AWS Event Monitoring, “In the Beginning…”

I recently had dinner with an old friend and partner in chaos; we are security practitioners and face some of the same challenges. During our discussions, my associate took me to task for my security monitoring methods and suggested a different approach. (Of course, he has a better way. That is what friends are for, ONEUPMANSHIP!)

The story goes back to re:Invent ~2014, whence he and I attended a chalkboard session on AWS Cloudtrails, Cloudwatch, SNS, and SES.

To put some definition to all of this “Amazon Alphabet Soup,” let’s see what these things are:

From the Amazon AWS Website:

Cloudtrail: AWS CloudTrail monitors and records account activity across your AWS infrastructure, giving you control over storage, analysis, and remediation actions.

Cloudwatch: Amazon CloudWatch collects and visualizes real-time logs, metrics, and event data in automated dashboards to streamline your infrastructure and application maintenance.

Note: Cloudwatch has been split with a service called EventBridge.

EventBridge: Amazon EventBridge is a serverless event bus that lets you receive, filter, transform, route, and deliver events.

SNS: Amazon Simple Notification Service (SNS) sends notifications in two ways, A2A and A2P. A2A provides high-throughput, push-based, many-to-many messaging between distributed systems, microservices, and event-driven serverless applications.

SES: Amazon Simple Email Service (SES) lets you reach customers confidently without an on-premises Simple Mail Transfer Protocol (SMTP) system.

The concept of the chalkboard session was that Cloudtrails was configured to record ALL API-level events and was integrated with Cloudwatch/EventBridge to trigger notifications via SNS or SES when specific events occurred. (Consider this a roll your own SIEM.)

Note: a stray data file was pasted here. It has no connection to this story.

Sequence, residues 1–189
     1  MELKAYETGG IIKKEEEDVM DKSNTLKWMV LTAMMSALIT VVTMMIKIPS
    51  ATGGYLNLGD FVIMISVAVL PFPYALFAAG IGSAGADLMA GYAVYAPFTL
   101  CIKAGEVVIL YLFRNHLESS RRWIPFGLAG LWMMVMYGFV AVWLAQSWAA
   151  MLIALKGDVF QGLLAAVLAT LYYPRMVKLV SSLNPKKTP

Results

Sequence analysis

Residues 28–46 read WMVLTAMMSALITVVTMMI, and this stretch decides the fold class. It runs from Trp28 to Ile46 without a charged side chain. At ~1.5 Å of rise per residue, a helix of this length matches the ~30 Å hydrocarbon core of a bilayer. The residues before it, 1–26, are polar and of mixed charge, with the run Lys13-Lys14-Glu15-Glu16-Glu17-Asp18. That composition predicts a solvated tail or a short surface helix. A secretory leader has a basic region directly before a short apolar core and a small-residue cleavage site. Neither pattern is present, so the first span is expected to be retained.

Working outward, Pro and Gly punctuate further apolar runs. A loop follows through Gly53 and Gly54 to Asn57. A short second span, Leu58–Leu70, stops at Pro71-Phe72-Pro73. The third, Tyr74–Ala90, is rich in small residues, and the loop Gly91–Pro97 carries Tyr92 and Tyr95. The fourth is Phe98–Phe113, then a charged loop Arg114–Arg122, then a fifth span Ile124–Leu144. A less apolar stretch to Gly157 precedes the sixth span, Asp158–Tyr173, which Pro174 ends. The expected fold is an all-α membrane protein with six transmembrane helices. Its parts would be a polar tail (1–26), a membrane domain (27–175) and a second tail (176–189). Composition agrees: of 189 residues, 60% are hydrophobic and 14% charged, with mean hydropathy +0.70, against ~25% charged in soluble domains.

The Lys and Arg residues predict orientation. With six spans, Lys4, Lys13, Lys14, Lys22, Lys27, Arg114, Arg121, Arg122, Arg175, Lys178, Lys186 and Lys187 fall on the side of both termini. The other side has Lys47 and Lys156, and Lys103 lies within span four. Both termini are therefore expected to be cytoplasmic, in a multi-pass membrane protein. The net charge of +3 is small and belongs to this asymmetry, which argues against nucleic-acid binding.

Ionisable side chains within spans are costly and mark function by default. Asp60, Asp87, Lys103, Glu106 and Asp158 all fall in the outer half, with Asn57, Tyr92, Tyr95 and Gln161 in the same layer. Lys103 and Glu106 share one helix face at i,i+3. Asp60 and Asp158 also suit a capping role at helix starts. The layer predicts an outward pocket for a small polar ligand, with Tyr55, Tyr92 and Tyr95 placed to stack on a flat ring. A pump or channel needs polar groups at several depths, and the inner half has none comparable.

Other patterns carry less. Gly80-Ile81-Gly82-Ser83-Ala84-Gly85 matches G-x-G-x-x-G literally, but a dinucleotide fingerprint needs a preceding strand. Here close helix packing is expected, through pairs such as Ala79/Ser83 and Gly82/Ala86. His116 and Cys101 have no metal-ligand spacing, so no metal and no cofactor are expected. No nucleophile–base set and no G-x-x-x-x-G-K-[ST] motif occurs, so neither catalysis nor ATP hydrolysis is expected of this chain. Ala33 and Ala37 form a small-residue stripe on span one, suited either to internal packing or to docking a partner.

The main issue I and S.A.F.H. saw was that the messages/notifications were very generic, like placing a speedbump sign after the speedbump. We could, of course, do better. Thus starting a multi-year adventure in creating a framework. I’ll not bore the reader to tears with the ugly details, but the system did, on several occasions, detect and derail attacks on applications and, at one point, stop a data breach in progress. Despite the pithy code review comments, “Can I have some sauce with this spaghetti.”

The actual issue with a roll-your-own application is similar to casual sex, “One mistake and you wind up supporting it for life.” The alternative is one of the many commercial frameworks. While they are easy on the implementation and support side, they can be rigid and may not provide the intelligence desired while flooding the Security team with useless events.

While lamenting the above, my associate commented, “Have you seen Wazuh? It’s an offshoot of the Ossec project and integrates with several AWS Services.”

A quick review of the Wazuh website shows a lot of promise; it is open source, so if one needs to get under the hood, one can; it integrates with a long list of AWS services; there is a paid support option, so one is not supporting this alone; it is sufficiently mature that it is included on the AWS Marketplace, and finally there is a cloud service option, for those who do not want to manage hardware or virtual systems.

To quote from the AWS Marketplace:

Wazuh is a free, open source and enterprise-ready security monitoring solution for threat detection, integrity monitoring, incident response, and regulatory compliance.

The solution includes the Wazuh server, which is in charge of analyzing the data received from the agents, processing events through decoders and rules, and using threat intelligence to look for well-known IOCs (Indicators Of Compromise). A single Wazuh server can analyze data from hundreds or thousands of agents. Alerts generated by Wazuh are sent to Wazuh indexer, where they are indexed and stored. The unique integration between Wazuh and Wazuh dashboard provides a powerful user interface for data visualization and analysis. The server is also used to manage the agents, configuring and upgrading them remotely when necessary. Additionally, the server is capable of sending orders to the agents, for example, to trigger a response when a threat is detected.